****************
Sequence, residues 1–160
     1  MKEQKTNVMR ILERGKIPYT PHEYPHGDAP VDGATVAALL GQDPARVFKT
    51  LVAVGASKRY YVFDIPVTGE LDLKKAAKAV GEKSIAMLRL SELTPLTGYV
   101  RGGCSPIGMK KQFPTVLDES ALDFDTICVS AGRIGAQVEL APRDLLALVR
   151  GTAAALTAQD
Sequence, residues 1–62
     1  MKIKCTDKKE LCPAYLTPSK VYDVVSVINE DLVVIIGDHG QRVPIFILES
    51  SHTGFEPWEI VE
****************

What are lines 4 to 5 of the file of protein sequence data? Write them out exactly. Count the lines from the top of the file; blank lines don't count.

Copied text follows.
   101  RGGCSPIGMK KQFPTVLDES ALDFDTICVS AGRIGAQVEL APRDLLALVR
   151  GTAAALTAQD